The estimates are further bloated by assumptions about replacement costs. These vary from study to study, but typically the studies assume that computers will have a useful life of four years. But why? Using an extreme case to emphasize the point we note that in some schools 15-year-old computers are doing yeoman service! These old Appleís would not actually support the kinds of new learning that are central to our vision. But many eight-year-old computers would do so. And we are quite confident that the present generation of hardware is good enough to support a revolution in learning to cover the period until the cost of hardware falls so low that nobody would think of it as expensive.
The bloat of estimated replacement costs reflects a failure of educational vision as well as a failure of technological vision. It may seem paradoxical that our bold vision should lead to lower estimates of cost. But the point is that we can match choice of computer to a vision of actual educational function. Those who try to estimate costs without a vision fall into one of two traps: they follow the practices that the business world has (for good or bad reasons) adopted or they make sure they are covering all bases. Both traps lead to gross overestimates.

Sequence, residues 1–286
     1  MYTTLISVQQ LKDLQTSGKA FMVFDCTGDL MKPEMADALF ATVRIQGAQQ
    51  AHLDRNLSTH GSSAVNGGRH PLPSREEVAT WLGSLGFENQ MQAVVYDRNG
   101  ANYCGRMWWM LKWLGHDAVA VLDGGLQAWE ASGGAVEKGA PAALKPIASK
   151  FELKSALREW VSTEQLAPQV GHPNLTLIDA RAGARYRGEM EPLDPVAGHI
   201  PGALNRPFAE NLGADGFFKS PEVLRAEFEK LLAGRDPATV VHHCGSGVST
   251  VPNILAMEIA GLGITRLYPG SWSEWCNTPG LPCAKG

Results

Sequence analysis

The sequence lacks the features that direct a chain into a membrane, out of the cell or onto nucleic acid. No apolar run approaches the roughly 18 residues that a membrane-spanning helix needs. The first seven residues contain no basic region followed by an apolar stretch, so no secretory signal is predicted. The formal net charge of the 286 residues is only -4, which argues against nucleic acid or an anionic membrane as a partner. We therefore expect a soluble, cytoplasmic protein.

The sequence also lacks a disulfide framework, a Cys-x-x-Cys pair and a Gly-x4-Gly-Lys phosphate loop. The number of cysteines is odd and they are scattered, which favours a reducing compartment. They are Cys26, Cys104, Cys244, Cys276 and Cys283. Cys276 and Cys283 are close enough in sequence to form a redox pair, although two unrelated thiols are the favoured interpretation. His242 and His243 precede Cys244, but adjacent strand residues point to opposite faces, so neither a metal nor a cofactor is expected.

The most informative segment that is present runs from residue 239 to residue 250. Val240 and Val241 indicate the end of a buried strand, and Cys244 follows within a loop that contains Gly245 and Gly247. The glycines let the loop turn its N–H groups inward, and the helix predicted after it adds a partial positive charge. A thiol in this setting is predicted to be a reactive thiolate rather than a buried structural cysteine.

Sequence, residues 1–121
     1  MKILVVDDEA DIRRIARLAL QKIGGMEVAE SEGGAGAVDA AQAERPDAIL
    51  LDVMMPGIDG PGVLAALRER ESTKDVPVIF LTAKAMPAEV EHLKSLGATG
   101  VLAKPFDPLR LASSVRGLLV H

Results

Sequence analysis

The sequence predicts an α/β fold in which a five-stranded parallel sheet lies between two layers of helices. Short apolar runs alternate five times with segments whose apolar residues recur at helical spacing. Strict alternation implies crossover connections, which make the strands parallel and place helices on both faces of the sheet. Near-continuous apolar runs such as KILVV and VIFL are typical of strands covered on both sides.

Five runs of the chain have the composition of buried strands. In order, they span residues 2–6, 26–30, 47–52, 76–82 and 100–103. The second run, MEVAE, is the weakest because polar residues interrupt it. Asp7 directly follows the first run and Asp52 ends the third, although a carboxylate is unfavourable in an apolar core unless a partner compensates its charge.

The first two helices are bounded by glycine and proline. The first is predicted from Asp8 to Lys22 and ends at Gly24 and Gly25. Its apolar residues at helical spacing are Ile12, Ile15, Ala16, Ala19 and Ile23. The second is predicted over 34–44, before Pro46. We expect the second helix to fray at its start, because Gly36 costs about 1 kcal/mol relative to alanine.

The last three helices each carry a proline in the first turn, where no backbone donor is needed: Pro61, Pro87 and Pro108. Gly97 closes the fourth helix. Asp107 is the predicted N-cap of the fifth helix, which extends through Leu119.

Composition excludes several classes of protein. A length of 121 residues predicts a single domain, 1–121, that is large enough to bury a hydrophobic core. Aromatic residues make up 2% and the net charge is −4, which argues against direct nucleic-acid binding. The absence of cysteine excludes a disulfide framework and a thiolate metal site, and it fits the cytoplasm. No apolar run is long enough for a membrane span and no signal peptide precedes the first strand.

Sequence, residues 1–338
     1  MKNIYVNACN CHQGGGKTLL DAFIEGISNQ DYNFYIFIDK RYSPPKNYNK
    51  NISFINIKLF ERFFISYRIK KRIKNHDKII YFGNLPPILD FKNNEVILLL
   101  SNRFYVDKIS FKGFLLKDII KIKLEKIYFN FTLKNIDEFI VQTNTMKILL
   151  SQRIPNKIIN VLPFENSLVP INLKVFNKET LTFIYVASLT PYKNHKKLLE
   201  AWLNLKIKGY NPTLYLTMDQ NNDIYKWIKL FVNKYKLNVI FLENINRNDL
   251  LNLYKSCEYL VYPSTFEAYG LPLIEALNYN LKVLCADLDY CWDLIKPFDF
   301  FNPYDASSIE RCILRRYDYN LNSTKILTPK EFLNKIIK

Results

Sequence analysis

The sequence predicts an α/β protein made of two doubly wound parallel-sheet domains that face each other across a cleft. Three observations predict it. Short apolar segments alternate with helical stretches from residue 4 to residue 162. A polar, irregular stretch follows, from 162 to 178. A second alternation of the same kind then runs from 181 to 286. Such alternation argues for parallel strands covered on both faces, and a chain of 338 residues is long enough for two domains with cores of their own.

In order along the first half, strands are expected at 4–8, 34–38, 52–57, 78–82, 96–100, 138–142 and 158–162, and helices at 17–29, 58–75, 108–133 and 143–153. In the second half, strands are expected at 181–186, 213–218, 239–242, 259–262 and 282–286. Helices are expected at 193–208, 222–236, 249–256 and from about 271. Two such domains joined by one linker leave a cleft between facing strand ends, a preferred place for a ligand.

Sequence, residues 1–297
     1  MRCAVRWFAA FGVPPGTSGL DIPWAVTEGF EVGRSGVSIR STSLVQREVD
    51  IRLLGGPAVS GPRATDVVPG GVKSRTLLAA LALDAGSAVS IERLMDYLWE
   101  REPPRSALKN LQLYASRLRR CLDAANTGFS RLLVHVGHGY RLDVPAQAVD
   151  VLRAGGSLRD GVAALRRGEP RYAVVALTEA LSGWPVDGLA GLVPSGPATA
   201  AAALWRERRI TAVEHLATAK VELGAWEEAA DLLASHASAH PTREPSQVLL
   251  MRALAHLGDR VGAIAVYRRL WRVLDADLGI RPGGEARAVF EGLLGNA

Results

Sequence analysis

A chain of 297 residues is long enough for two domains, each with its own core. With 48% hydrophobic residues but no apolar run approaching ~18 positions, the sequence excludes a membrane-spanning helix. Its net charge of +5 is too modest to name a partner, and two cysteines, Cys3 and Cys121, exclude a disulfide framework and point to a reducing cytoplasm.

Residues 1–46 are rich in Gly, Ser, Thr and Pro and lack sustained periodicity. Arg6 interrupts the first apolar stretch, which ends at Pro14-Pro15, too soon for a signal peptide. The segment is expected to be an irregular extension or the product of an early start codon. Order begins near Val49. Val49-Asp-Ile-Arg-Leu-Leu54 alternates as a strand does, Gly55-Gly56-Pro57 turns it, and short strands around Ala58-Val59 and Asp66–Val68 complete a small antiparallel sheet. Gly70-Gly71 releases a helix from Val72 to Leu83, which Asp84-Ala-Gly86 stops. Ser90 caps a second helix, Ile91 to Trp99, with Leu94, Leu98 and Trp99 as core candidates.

Q. O.K., I accept your argument for the hardware, but what about all the other costs?
A. Our dollar a day is intended to cover more than buying computers. In fact, averaged over the next decade, only 25 percent of it would go for computers as such. But our argument that lack of vision bloats cost estimates is true across the board.
An obvious place where costs are overestimated is Internet connectivity. Here the cost will fall as sharply as in the case of computers, unless we make the gratuitous assumption that in order for learning to be effective schools will have to keep up with the race to develop applications that use the maximum speed technology is capable of delivering.
Lack of educational vision also leads to ignoring the opportunity for growing in-house expertise. The high estimates of cost also count installation, maintenance and teacher training. In our vision, students would acquire enough computer fluency to carry out all the technical items, including those parts of "training" that have to do with helping teachers deal with the mechanics of using computers.